Augusta High School receives grant to provide preventive healthcare, expand access to behavioral care

Cony Middle and High School Principal Kim Silsby on Thursday stands in an office that is now used for storage, but is scheduled to eventually be used by a doctor when a doctor is added to the medical suite staff at the school in Augusta. Augusta high school recently received a grant from the Maine Center for Disease Control and Prevention to build a more robust school-based health center that will bring doctors and physician assistants to school. Joe Phelan/Kennebec Diary

AUGUST — Cony High students will soon be able to receive vaccinations, preventive health services, and vision tests while in school.

Augusta high school recently received a grant from the Maine Center for Disease Control and Prevention to build a more robust school-based health center that will bring doctors, physician assistants, or nurse practitioners to school 15 hours a week. the length of time that licensed behavioral health professionals are available to students.

Signs showing a wellness suite in the dining area appear Thursday at Cony Middle and High School in Augusta. Augusta high school recently received a grant from the Maine Center for Disease Control and Prevention to build a more robust school-based health center that will bring doctors and physician assistants to school. Joe Phelan/Kennebec Diary

The $56,000 grant will cover procurement costs for medical providers from MaineGeneral Health and increase Kennebec Behavioral Health’s hours of service. 30 hours a week for one year. It will expand the scope of care currently offered by school nurses.

Principal Kim Silsby said she has applied for funding to help reduce barriers to access to preventive and acute care that parents reported, including a lack of transportation and health insurance.

“Our families are busy and can’t always take their students to healthcare facilities,” Silsby told the Kennebec Journal. “This will help them get the support they need.”

Families will not be charged if their students are cared for at the school health centre, and students do not need health insurance to be seen – but they will need a parent or guardian’s permission.

“This is exactly what we hoped for when dealing with the social and emotional issues with the resources in the building,” Superintendent James Anastasio said when announcing the grant to the Augusta Board of Education last Wednesday. “Having more services is important, and getting that commitment from MaineGeneral and Kennebec Behavior Health on the social and emotional side is extraordinary.”

As part of their behavioral health offerings, students may receive referral for group or individual counselling, mental health screening, or additional needs.

One of the cots in the medical room is seen Thursday at Cony Middle and High School in Augusta. Augusta high school recently received a grant from the Maine Center for Disease Control and Prevention to build a more robust school-based health center that will bring doctors and physician assistants to school. Joe Phelan/Kennebec Diary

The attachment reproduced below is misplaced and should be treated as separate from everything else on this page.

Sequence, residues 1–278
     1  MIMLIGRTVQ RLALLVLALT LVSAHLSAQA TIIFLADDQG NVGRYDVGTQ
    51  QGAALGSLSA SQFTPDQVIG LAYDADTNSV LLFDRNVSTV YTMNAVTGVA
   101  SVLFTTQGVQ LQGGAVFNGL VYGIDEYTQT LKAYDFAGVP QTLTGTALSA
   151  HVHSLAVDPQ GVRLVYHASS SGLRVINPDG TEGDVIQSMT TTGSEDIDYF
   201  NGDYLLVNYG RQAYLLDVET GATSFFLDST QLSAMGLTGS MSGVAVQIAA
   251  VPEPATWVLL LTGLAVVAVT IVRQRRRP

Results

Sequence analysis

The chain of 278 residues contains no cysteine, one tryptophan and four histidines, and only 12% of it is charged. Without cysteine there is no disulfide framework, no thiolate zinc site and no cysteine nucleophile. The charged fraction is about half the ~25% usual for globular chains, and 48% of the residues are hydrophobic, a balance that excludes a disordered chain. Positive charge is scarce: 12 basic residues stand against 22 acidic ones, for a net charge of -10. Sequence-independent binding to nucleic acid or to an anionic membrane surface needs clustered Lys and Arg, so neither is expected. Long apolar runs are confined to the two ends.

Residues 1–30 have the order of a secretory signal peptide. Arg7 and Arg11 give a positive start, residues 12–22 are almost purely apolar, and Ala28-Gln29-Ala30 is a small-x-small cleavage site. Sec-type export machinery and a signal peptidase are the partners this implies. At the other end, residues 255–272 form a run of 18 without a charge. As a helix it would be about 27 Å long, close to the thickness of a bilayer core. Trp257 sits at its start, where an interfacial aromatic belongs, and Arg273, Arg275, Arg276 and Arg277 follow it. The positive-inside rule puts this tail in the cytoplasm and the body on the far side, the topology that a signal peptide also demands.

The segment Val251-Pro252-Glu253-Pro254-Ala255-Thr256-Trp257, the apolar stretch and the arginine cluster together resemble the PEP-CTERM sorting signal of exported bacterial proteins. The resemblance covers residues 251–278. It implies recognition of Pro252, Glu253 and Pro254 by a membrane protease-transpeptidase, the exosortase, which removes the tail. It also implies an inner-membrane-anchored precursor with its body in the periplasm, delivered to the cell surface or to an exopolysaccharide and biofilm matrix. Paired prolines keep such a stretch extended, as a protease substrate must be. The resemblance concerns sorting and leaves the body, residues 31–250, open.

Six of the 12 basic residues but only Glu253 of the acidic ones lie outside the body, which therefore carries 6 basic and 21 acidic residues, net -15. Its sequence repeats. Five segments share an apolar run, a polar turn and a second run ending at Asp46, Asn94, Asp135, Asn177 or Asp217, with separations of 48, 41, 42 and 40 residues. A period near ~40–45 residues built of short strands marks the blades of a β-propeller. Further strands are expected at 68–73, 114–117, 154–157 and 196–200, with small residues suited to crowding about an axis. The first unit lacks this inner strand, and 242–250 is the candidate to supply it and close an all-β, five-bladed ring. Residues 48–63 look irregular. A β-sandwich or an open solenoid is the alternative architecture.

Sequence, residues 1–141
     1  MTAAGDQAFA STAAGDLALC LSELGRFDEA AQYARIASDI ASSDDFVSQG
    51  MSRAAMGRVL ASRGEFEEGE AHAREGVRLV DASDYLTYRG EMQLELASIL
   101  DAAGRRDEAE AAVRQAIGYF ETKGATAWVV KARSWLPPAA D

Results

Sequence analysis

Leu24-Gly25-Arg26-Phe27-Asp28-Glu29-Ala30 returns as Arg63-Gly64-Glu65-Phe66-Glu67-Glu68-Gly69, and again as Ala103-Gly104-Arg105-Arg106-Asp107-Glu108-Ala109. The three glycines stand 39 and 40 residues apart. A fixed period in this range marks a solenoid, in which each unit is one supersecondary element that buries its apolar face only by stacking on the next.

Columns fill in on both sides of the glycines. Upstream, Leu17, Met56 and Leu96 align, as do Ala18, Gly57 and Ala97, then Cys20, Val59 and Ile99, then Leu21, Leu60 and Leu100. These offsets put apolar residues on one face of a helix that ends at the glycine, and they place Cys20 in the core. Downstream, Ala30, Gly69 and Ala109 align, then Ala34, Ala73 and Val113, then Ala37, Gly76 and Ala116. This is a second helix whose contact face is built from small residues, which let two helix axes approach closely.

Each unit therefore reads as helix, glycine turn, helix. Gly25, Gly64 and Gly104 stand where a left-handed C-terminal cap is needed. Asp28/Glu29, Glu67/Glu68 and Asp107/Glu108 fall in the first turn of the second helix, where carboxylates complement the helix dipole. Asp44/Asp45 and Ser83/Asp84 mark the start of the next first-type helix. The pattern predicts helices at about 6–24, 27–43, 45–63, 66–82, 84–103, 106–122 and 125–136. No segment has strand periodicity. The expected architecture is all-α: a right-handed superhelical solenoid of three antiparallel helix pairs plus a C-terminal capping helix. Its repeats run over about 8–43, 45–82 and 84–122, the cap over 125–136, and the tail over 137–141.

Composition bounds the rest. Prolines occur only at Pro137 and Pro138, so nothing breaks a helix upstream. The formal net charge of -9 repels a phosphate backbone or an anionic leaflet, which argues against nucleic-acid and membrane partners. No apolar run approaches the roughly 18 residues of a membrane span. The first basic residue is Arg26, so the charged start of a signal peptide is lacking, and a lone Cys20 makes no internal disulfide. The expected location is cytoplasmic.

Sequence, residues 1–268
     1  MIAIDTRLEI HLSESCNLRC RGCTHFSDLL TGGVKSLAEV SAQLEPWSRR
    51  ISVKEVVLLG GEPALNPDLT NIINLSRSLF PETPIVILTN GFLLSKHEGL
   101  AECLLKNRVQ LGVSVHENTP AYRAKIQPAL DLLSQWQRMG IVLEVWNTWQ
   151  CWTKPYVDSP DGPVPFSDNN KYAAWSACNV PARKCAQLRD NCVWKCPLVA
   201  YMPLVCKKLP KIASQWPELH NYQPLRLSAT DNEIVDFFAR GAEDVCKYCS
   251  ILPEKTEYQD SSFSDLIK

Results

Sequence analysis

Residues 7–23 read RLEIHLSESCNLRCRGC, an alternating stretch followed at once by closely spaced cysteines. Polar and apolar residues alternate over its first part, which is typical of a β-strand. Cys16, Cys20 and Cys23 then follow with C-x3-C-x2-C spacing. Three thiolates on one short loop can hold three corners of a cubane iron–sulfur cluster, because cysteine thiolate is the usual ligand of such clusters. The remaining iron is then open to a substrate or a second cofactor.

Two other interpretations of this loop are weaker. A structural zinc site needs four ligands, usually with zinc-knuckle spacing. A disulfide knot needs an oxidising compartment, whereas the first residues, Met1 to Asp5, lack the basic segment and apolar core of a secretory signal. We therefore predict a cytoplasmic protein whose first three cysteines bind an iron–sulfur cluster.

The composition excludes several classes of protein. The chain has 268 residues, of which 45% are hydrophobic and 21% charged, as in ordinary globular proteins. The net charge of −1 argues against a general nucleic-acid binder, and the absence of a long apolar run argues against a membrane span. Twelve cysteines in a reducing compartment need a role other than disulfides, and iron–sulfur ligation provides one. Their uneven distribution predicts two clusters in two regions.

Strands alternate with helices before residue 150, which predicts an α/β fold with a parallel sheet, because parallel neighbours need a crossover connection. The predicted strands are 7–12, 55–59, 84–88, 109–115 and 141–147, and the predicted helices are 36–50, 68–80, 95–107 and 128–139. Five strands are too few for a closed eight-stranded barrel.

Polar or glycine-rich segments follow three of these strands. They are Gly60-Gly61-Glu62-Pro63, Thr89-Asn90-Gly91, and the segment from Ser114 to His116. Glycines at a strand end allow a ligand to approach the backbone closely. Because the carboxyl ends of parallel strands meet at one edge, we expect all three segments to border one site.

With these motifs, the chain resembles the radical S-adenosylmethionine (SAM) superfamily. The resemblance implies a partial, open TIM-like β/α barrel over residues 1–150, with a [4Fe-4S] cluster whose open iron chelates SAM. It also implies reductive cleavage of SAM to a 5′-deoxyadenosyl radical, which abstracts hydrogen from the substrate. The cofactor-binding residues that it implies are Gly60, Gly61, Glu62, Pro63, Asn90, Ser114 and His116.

Silsby described behavioral and medical care and attention as “essential to student learning and success.”

The medical room at Cony Middle and High School in Augusta. The first two doors are currently used by nurses, while the last door is planned to be used by a doctor or physician assistant when they are added to staff. Augusta high school recently received a grant from the Maine Center for Disease Control and Prevention to build a more robust school-based health center that will bring doctors and physician assistants to school. Joe Phelan/Kennebec Diary

“In an area that should not be underserved, our students do not have access to these essential services,” Silsby said in the grant. “Having a School Based Health Center will level the field for our students. There are many barriers to learning for many of our students.”

Maine has the highest rate of uninsured people in New England, with 5.7% of its residents lacking health insurance. In Cony, nearly 40% of students met the 2021 free and reduced-meal federal guidelines, meaning their families had household incomes between 130% and 185% federal poverty guidelines. Forty-two students in the high school self-identify as homeless.

Silsby said it was unclear when the services would be implemented at the school, but said Cony would “start as soon as possible” to get providers into the building. They will be installed in the existing health suite.

Students will be able to visit the clinic may be referred to community partners such as MaineGeneral after school, during school breaks and holidays, or if required services are not available at school.

Cony is the 18th school in Maine to receive funding from the CDC’s “School-Based Health Center Services” grant program for more than 20 years, according to the agency’s spokesperson, Robert Long. Other schools receiving grants are Readfield-based Regional School Unit 38, Deering and Portland high schools, King Middle School, among other districts.


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